The monument itself that rests on top of the unknown grave is a sarcophagus. It’s simple yet impressive in its dimensions. Its austere, flat-faced form is relieved at the corners and along the sides by neo-classic columns set onto the surface. Beneath the white marble tomb sarcophagus lies the body of an unidentified American soldier from World War I.
West of the sarcophagus beneath three marble slabs that lie flush with the plaza are crypts for the unidentified remains of an American soldier from World War II and the Korean War and the empty crypt that once held the unidentified remains of a serviceman from the Vietnam War.
The three figures of Valor, Victory, and Peace are sculpted into the panel, which faces Washington. On the plaza, the words “Here Rests in Honored Glory an American Soldier Known But to God” are inscribed.
The three figures of Valor, Victory, and Peace are sculpted into the panel.
A must-see for the approximately four million people who visit Arlington National Cemetery each year is watching the changing of the guard at the Tomb of the Unknowns. Most of these visitors marvel at the precision and discipline shown in the ceremony, but not everyone truly understands what it means to be a tomb guard.
Two Army veterans and former Tomb Guards want to change that. They created “The Unknowns,” a documentary offering a behind-the-scenes look at the soldiers who guard the Tomb of the Unknowns 24 hours a day, seven days a week.
Ethan Morse, the documentary’s producer (who guarded the tomb 2005-06), says that the documentary “aims to give viewers a deeper understanding of what it means to be a tomb guard and one of the members of the 3rd Infantry Regiment, ‘The Old Guard,’ who serve at Arlington.”
Morse and director Neal Schrodetzki were given unrestricted access to film, since they both served as tomb guards. “The Unknowns” covers portions of the training program and aims to replace myths with facts surrounding the monument dedicated to service members who died without their remains being identified.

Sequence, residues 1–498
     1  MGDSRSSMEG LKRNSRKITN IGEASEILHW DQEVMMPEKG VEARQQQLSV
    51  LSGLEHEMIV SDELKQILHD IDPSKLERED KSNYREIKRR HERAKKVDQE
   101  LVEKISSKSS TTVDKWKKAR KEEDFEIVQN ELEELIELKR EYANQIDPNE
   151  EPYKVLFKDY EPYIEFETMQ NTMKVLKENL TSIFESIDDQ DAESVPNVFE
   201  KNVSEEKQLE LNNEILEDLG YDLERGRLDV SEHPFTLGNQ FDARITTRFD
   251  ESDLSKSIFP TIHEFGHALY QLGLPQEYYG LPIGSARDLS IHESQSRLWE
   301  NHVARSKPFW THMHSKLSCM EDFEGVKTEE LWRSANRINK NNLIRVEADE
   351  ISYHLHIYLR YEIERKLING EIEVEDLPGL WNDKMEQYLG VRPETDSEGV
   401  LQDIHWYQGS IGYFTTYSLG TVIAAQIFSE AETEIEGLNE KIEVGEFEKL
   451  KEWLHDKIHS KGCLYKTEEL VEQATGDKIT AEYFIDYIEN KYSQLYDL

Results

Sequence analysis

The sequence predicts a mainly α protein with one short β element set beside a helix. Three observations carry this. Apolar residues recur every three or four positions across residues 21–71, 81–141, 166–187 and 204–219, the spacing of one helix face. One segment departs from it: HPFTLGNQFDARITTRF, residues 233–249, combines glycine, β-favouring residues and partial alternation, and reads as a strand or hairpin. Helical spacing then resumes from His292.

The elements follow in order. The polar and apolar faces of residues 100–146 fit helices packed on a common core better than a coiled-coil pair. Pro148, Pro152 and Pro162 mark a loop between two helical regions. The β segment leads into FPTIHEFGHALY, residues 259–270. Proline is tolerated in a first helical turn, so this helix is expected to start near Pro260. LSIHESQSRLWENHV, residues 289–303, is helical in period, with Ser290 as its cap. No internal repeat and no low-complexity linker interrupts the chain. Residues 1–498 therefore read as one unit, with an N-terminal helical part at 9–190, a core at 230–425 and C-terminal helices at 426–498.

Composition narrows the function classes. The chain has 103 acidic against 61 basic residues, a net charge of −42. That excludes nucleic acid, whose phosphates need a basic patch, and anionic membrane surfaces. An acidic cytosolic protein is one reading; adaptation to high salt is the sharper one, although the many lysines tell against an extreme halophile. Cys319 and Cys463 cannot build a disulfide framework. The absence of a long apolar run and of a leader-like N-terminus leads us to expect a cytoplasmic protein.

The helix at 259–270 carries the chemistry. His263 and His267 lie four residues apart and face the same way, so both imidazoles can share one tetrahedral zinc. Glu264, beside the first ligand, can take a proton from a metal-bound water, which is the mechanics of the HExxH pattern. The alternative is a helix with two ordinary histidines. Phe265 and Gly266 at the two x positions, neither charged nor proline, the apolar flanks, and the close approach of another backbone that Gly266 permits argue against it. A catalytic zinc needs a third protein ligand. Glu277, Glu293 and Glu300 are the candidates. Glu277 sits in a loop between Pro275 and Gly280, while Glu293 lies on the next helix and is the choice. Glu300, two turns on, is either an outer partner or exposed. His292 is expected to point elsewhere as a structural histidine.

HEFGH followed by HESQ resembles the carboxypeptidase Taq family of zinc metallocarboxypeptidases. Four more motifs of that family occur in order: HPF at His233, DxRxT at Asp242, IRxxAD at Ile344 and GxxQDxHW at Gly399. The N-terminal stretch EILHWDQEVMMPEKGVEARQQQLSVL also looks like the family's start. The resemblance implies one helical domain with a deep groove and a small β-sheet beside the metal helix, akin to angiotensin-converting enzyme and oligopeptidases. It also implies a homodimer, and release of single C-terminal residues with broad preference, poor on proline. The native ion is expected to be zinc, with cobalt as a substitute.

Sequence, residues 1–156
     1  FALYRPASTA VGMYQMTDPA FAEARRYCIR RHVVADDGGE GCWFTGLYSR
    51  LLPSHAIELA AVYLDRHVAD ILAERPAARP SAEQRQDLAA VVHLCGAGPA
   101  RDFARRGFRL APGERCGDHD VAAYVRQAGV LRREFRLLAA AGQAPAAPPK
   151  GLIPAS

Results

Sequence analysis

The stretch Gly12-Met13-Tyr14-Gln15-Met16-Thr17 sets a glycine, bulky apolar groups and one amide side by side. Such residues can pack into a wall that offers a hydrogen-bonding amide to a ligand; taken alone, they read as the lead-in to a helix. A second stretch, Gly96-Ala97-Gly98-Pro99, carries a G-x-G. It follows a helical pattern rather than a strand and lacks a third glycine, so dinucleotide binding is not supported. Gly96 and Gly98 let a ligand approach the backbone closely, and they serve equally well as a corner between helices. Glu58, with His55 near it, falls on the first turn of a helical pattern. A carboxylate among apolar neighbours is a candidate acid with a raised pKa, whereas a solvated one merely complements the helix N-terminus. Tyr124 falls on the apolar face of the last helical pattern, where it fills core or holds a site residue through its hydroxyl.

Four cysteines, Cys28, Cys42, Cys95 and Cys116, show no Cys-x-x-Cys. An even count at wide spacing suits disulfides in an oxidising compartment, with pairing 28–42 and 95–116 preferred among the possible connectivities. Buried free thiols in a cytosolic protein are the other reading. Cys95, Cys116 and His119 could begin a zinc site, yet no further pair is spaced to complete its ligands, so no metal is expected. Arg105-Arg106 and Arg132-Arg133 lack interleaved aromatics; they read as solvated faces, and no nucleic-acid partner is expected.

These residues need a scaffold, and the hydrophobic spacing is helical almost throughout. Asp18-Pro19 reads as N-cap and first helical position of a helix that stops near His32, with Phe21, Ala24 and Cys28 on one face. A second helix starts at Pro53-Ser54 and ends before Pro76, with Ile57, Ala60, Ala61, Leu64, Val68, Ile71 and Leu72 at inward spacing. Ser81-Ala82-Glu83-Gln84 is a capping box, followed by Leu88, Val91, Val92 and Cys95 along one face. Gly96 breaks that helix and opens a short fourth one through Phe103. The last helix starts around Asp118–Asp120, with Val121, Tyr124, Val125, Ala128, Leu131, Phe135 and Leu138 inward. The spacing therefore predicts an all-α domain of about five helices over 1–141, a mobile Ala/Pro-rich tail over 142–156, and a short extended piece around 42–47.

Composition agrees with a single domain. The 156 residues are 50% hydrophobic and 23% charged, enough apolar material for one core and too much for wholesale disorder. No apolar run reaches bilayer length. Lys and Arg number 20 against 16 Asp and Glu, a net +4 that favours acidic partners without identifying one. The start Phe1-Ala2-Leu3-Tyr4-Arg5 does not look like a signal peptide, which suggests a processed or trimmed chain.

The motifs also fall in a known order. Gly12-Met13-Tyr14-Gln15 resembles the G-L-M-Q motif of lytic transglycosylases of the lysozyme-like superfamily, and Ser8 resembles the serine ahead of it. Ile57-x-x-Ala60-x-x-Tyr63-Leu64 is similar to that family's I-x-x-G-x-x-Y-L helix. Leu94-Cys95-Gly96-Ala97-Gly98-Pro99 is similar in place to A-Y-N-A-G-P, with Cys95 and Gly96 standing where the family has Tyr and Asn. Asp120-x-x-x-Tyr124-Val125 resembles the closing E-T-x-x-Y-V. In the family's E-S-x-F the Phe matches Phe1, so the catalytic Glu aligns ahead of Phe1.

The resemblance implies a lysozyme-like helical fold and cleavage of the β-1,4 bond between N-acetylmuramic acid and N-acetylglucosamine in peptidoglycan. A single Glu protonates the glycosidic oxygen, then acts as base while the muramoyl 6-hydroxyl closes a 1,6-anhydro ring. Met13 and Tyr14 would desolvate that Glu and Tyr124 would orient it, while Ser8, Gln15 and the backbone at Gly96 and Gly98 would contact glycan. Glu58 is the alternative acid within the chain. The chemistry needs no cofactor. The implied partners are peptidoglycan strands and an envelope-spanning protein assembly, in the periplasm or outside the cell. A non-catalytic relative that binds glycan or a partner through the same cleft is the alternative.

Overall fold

After leaving the Army, Morse and Schrodetzki went to film school in Los Angeles. Then the Society of the Honor Guard reached out to the budding filmmakers to create a short memorial for one of its soldiers. “We always wanted to film the actual training,” said Schrodetzki, who was a guard from 2006 to 2007. “We realized ‘this is the time,’ and it turned into a whole feature film.”
After securing $15,000 from a Kickstarter campaign, Morse and Schrodetzki flew to Washington for about three weeks in 2012 to film at the tomb. Incorporated into the documentary is footage of Morse’s last walk as a Tomb Guard in 2006.
The documentary is a way to preserve the legacy and make a whole new generation aware of the rich history and honorable traditions of the brotherhood of sentinels who guard the tomb, as they learn what it means to protect our nation’s patriots amid America’s most hallowed grounds. I recently viewed this excellent documentary, and I highly recommend it to all. After watching the documentary “The Unknowns,” I promise — you will feel a sense of pride and wipe a tear from your eye.
Dr. Katherine (Kat) Harris is a veteran spouse, expat, and former military contractor with over 20 years of expertise in military/family transition, career counseling, higher education, organizational strategic planning, and international relations. She served as a translator and liaison for American, British, French and German civilian/military communities in Berlin and Helmstedt, Germany. This OpsLens article is used by permission; it first appeared on LifeZette on July 2, 2017, and has been updated.